(53b) Modeling of Solution Thermodynamics: A Method for Tuning the Properties of Blend Polymeric Membranes | AIChE

# (53b) Modeling of Solution Thermodynamics: A Method for Tuning the Properties of Blend Polymeric Membranes

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## Authors

Indian Institute of Technology Kharagpur

Thermodynamics
of polymer blends are modeled using Flory-Huggins theory for polymer solutions
and ternary phase diagrams are plotted for various blend compositions.
Equations of spinodal curve and plait point for the quaternary systems are
derived based on solution thermodynamics. For quaternary systems, the plot of
free energy against composition is not a curve but a surface plot, having a
distinct number of minimum points, which will be equal to the number of
coexisting phases in equilibrium with each other [1,2].
Locus of minimum free energy on phase diagram represents the location of
binodal curve [3].
In between two minima, the free energy curve passes through local maxima, which
represents the plait point [3].

The
spinodal curve is a locus of point of inflexion of free energy curve for
various polymer volume fractions. So, the equation representing the spinodal
curve is obtained by equating the determinant of the Hessian matrix of free
energy to zero, |H=0|,
where H is the Hessian matrix. The locus of the line joining the two minimum
points of the free energy curve gives the equation of binodal curve [3–6].
At the binodal curve, the two separating phases are in equilibrium with each
other and follow the condition of chemical equilibrium. Chemical potential for
any component can be calculated from the first derivative of free energy and
the expression for chemical potential is derived based on the above definition [7].
Binodal curves are calculated by minimizing Gibb’s free energy for blend
system, poly(acrylonitrile) (PAN) and poly(urethane) (PU).

Effects
of polymer molecular weight and interaction parameters on the phase diagram are
quantified. The published data of membrane transport characteristics are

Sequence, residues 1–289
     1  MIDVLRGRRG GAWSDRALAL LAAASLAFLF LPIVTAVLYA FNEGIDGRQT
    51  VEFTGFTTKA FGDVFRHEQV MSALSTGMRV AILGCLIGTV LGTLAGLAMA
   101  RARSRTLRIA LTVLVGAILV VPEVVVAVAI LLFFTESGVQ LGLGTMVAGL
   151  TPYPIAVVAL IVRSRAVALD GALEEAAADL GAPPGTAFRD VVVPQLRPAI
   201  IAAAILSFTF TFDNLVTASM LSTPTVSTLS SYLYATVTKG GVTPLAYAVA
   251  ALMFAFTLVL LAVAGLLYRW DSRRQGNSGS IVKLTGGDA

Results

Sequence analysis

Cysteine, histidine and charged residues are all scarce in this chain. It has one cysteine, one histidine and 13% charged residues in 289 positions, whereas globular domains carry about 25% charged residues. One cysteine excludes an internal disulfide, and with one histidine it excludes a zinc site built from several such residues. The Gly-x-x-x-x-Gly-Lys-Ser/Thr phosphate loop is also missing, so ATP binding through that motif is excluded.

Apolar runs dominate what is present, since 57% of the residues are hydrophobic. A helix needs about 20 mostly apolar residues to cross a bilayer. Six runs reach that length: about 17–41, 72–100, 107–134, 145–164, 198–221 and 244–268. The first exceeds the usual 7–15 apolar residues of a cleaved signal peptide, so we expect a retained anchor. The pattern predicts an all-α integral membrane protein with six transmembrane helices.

correlated with the modeled phase diagram and validated using FESEM micrographs
and pore-diameter analysis [8].
The reason for increase in the permeability of blend membranes is established
with respect to structural changes with the possible formation of hydrogen bond
and justified by the infrared spectra analysis of the blend membranes. The
shifting of the phase diagram towards solvent axis for the blend compositions
are explained using possible formation of hydrogen bond between PAN and PU.
Formation of the hydrogen bond is supported by the shifting of –CN absorbance
peaks in FTIR of the membrane surface. Variation of spinodal curve with varying
molecular weight is studied and it is observed that increasing the molecular
weight shifts the spinodal curve towards polymer axis thereby making it denser.
However, the influence of molecular weight is effective for values of Mw 100
kDa or below. The role of various interaction parameters in locating the
spinodal curve on ternary plot is studied in details and it is observed that
even after blending, individual polymers interact separately with the solvent
and nonsolvent. The influence of polymer solvent interaction parameter on
modeled phase diagram is found to be more prominent in case of weak solvents as
compared to strong solvents. This work is very useful in predicting the
relative characteristics of polymer blend membranes and also acts as a tool in
selecting proper components for blending to prepare membranes of tailor made
properties.

Figure
1:

Thermodynamic model as a tool to predict membrane characteristics

Reference

[1]         R.M. Boom, T. van den Boomgaard, C. a.
Smolders, Mass transfer and thermodynamics during immersion precipitation for a
two-polymer system. Evaluation with the system PES-PVP-NMP-water, J. Memb. Sci.
90 (1994) 231–249. doi:10.1016/0376-7388(94)80074-X.

[2]         R.M. Boom, T. van den Boomgaard, C.A.
Smolders, Equilibrium Thermodynamics of a Quaternary\rMembrane-Forming System
with Two Polymers. 1. Calculations, Macromolecules. 27 (1994) 2034–2040.
doi:10.1021/ma00086a009.

[3]         L. Yilmaz,  a J. Mchugh, Analysis of
Nonsolvent -Solvent -Polymer Phase Diagrams and Their Relevance to Membrane
Formation Modeling, J. Appl. Polym. Sci. 31 (1986) 997–1018.
doi:10.1002/app.1986.070310404.

[4]         F.W. Altena, C.A. Smolders, Calculation
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of a solvent and a nonsolvent, Macromolecules. 15 (1982) 1491–1497.
doi:10.1021/ma00234a008.

[5]         C.C. Hsu, Prausnitz J. M.,
Thermodynamics of Polymer Compatibility in Ternary Systems, Macromolecules.
(1973) 320–324. doi:10.1021/ma60039a012.

[6]         H. Tompa, Phase relationships in
polymer solutions, Trans. Faraday Soc. 45 (1949) 1142.
doi:10.1039/tf9494501142.

[7]         Y.M. Wei, Z.L. Xu, X.T. Yang, H.L. Liu,
Mathematical calculation of binodal curves of a polymer/solvent/nonsolvent
system in the phase inversion process, Desalination. 192 (2006) 91–104.
doi:10.1016/j.desal.2005.07.035.

[8]         S.R. Panda, S. De, Preparation,
characterization and antifouling properties of polyacrylonitrile/polyurethane
blend membranes for water purification, RSC Adv. 5 (2015) 23599–23612.
doi:10.1039/C5RA00736D.